Dating can be scary. When you have been burned before, the fear of getting hurt again can sometimes prove overwhelming. Still, most people don’t want to be alone, which makes dating the only alternative. When you do decide to re-enter the dating field, sometimes taking things slow can be the best way to protect your heart.
Recognize the butterflies for what they are. It is great to feel that wave of excitement when you meet someone new, but don’t mistake that initial interest for love at first sight. Temper your feelings for a bit, enjoying the butterflies but not reading too much into them.
Keep sex off the table for a while. Being sexually intimate early in a relationship can backfire, according to world-renowned relationship expert Kate M. Wachs, author of “Relationships for Dummies. To avoid jumping into bed too soon, make a decision up front to take sex out of equation and then stand by that choice.
Pursue other passions. Don’t allow this new relationship to become your only source of excitement and fun. Keep yourself busy with other hobbies and interests. Make it a point to spend time with friends and to enjoy the time you have by yourself. Be too busy to spend every night together. Having an active life will provide plenty of conversation material when you do have your dates.
Pay attention to basic values. Taking the time to determine if the two of you have similar goals for the future can go a long way toward helping you decide if you will be a good match in the long term, according to Susan Krauss Whitbourne, psychology professor at the University of Massachusetts Amherst. Ask questions about kids, lifestyle and even money management habits.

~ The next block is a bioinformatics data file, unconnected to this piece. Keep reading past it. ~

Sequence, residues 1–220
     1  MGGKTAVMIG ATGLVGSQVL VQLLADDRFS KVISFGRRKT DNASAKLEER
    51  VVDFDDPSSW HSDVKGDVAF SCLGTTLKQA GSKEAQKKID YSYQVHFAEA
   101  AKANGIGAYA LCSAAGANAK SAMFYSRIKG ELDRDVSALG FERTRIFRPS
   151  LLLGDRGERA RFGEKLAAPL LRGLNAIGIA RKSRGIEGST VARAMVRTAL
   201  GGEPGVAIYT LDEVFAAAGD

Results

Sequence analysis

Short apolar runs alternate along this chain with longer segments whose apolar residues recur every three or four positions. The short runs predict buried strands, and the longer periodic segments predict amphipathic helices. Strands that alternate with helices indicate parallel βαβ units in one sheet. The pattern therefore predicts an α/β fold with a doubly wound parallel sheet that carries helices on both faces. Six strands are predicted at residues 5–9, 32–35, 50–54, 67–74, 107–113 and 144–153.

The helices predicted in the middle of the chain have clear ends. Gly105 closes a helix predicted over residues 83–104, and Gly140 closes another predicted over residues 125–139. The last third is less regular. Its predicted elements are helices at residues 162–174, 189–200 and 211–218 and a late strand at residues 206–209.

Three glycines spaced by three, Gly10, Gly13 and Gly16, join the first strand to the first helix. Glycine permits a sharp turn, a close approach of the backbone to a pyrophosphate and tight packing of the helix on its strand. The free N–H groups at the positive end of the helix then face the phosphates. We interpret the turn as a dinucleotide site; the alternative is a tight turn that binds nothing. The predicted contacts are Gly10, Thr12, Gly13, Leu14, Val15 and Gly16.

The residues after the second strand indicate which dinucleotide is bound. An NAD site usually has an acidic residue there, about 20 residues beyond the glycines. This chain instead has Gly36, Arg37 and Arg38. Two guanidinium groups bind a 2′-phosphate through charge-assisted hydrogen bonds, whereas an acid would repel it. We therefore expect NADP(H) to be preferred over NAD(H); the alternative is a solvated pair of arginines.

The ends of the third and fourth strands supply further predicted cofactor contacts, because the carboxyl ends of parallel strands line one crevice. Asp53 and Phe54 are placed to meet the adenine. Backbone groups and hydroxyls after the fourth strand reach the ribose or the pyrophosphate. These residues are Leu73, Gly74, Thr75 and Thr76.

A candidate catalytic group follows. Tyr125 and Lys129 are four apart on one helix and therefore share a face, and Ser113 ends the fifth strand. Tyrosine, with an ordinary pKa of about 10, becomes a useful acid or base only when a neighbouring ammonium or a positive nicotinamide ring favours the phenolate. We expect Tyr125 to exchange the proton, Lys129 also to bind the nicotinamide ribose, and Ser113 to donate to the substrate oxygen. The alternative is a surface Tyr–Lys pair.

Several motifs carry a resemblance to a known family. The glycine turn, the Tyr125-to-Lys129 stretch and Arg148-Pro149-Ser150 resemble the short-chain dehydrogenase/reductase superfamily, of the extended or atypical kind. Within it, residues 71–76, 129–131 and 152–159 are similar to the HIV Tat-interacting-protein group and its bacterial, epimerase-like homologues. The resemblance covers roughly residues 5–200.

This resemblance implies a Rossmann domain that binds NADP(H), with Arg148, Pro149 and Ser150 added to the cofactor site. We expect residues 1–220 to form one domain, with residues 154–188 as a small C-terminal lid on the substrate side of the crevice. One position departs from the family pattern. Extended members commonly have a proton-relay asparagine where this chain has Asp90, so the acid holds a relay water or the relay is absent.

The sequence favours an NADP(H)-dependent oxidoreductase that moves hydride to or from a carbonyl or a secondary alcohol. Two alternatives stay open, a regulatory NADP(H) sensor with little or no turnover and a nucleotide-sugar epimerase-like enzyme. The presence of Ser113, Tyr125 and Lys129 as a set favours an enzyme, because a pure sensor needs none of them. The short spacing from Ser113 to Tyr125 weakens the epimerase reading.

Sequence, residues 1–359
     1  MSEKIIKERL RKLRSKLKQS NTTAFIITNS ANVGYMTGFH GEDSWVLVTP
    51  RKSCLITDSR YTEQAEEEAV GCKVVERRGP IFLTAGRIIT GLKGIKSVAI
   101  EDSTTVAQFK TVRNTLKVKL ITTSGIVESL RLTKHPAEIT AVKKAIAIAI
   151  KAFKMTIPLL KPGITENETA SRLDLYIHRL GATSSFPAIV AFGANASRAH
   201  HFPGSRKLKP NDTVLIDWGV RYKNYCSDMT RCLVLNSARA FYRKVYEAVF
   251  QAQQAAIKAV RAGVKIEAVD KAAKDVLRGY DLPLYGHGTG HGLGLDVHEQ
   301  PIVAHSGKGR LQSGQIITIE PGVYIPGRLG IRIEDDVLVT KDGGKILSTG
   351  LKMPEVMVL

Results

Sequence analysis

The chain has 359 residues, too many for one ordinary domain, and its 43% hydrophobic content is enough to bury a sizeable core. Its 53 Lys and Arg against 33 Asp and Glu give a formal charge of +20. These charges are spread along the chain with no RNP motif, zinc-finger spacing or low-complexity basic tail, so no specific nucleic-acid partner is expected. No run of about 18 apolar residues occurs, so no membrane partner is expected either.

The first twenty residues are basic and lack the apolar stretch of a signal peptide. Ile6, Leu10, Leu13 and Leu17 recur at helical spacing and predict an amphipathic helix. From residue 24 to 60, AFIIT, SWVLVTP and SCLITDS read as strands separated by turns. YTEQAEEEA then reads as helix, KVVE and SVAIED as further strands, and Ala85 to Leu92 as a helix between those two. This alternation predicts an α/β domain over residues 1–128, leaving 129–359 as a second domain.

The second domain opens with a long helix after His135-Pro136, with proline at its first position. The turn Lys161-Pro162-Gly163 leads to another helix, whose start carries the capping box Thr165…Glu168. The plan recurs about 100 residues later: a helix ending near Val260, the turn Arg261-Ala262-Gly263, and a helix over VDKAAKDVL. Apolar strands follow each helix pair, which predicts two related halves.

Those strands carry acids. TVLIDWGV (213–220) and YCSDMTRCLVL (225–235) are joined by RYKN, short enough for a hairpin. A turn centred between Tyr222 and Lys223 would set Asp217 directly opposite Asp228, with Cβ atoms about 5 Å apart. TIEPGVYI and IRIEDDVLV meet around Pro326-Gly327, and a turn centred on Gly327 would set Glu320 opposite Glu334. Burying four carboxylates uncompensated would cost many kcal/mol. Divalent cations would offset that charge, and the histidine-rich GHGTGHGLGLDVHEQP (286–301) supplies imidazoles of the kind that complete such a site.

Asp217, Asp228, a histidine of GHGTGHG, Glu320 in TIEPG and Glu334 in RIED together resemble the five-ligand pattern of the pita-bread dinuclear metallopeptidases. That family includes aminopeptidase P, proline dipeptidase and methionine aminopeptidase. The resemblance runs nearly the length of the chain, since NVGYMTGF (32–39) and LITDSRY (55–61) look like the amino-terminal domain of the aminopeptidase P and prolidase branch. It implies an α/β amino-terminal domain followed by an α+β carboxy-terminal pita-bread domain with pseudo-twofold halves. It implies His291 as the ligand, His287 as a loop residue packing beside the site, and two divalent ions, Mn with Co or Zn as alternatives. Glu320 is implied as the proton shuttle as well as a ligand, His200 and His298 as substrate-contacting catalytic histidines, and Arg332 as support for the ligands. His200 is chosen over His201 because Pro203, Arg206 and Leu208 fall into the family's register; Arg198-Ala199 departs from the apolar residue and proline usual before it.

Don’t rush into meeting friends and family. Bringing other people into this relationship can create additional pressure for it to work. At least in the beginning stages, enjoy getting to know each other before making those all-important introductions.
Stop yourself from making contact every time the desire strikes. Rather than connecting multiple times a day, ignore some of those impulses and instead just enjoy having a crush, suggests Lynn Harris, relationship expert and author of “He Loved Me, He Loves Me Not." If you feel the desire to call but have already spoken that day, call a friend instead until the desire passes.
Put the brakes on moving in. When you are caught up in a whirlwind romance, the idea of cohabitation can just seem natural. Maintaining your own space, however, can help you to continue leading your separate lives while you determine what you each want from the future. Don’t make the decision to move in together until you are both prepared to make a much more long-term commitment.
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Living in Alaska, Leah Campbell has traveled the world and written extensively on topics relating to infertility, dating, adoption and parenting. She recently released her first book, and holds a psychology degree (with an emphasis in child development and abnormal child psychology) from San Diego State University.
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